This is a guest post by Justin Spicer. If you would like to contribute to Volume by Alcohol please click here.
The smooth but sour notes that begin Ayler’s “Spirits” not only speak to his signature sound, but to an idea of jazz not as common but contemptuous. “Spirits” is indeed a haunting; spectral beings hovering above you at every turn as floorboards creek and old furnaces rattle with the dust and soot of a century’s worth of wear and tear. It’s soul—and there’s plenty of it to be found in Ayler’s wailing tenor sax.
Brewery: Bell’s Brewing
Style: Double IPA
Bell’s Hopslam Ale, a double IPA that wears its heart on its sleeve–bangs and boils like an Ayler solo. It lives by its own beat, dependent on no structured melody in a continuous search for the right tone. Its hoppy, almost sour, taste is its calling card but like Ayler, a signature is but a skeleton. Despite being heavy on the hops as it first hits the palette, Hopslam mellows out with each hearty swallow. Unlike its name may imply, gulping it down will prove your downfall. This is a beer to ease into, not only due to an ABV of 10%, but because it will turn you into a sleepwalker for much of the following day no matter your tolerance or how well you nurse your booze.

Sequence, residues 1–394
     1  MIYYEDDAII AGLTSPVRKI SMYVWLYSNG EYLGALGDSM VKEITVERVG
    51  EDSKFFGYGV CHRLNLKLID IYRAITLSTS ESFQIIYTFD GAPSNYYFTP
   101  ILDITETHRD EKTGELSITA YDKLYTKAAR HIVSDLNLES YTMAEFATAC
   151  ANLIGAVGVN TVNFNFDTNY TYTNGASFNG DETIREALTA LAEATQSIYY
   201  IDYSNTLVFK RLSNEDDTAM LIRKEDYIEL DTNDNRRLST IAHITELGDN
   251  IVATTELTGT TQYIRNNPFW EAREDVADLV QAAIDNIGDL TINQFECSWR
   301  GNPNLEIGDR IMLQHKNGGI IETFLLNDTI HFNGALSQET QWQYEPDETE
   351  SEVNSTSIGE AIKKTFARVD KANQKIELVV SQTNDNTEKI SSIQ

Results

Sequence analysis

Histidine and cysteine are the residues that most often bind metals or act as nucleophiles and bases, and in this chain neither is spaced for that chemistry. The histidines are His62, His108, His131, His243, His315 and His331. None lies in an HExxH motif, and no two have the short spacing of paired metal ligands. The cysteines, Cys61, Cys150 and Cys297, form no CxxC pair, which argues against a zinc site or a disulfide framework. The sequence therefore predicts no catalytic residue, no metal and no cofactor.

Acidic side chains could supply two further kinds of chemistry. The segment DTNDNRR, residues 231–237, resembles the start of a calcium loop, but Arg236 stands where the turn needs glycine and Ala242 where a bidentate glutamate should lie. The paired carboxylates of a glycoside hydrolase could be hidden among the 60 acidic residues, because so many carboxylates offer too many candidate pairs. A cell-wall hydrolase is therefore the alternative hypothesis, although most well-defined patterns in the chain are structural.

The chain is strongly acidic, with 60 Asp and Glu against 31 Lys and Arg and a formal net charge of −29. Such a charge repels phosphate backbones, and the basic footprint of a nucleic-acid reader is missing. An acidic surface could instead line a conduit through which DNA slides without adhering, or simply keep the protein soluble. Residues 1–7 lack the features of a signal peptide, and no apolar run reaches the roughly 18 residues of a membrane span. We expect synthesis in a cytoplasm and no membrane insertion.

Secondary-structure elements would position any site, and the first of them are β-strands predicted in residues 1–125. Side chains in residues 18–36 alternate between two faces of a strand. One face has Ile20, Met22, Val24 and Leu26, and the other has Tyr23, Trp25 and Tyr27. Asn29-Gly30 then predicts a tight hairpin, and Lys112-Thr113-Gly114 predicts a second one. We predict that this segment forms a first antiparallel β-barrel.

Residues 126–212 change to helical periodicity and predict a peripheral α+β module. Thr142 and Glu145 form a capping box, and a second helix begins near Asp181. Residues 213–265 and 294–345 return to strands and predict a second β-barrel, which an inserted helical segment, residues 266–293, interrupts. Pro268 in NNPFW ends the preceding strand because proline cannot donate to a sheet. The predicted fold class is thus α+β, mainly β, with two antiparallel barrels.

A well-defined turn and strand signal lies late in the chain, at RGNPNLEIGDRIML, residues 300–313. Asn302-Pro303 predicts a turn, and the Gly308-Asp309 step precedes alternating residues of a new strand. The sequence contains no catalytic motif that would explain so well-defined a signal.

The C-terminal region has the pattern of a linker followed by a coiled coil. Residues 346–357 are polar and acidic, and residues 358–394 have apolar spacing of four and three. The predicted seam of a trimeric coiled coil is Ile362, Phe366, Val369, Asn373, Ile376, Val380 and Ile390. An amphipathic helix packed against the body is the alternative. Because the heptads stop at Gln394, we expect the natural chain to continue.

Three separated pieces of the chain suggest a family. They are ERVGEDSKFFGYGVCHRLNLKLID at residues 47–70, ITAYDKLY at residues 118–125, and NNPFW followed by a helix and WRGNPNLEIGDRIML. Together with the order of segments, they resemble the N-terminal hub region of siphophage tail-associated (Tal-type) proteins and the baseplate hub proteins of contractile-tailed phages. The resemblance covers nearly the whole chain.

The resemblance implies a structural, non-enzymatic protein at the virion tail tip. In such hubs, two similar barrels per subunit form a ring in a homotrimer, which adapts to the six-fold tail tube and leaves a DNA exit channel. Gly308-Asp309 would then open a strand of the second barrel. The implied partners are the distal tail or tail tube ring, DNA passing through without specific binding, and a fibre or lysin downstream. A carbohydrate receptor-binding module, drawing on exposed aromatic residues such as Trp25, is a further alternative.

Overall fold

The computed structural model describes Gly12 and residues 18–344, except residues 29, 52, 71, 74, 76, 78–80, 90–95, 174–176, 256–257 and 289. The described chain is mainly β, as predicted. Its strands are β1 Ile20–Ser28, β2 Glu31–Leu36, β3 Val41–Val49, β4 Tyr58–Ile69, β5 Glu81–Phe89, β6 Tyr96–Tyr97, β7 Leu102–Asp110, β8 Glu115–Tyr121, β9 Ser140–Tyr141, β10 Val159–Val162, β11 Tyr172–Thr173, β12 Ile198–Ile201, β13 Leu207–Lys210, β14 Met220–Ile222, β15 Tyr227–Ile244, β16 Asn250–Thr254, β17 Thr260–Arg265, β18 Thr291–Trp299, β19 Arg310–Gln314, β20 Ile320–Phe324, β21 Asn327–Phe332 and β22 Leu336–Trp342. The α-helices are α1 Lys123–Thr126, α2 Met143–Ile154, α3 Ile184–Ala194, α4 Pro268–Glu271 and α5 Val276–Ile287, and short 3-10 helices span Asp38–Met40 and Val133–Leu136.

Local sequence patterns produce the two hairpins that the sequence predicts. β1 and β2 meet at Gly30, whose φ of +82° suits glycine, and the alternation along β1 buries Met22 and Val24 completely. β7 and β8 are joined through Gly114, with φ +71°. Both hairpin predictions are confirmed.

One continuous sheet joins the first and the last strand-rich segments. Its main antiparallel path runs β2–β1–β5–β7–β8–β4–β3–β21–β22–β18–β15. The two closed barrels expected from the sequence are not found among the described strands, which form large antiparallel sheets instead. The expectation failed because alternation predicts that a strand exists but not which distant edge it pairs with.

This is why “Spirits” is a natural match for Hopslam, each beginning with a fury but settling into a sober groove that will railroad long after the last note/node. Music and beer are meant to linger, meant to stew in your system before ultimately rewarding your patience. You may feel like a ghost when both are through but once your spirit has the time to recharge, you’ll find yourself recharging with another round of both.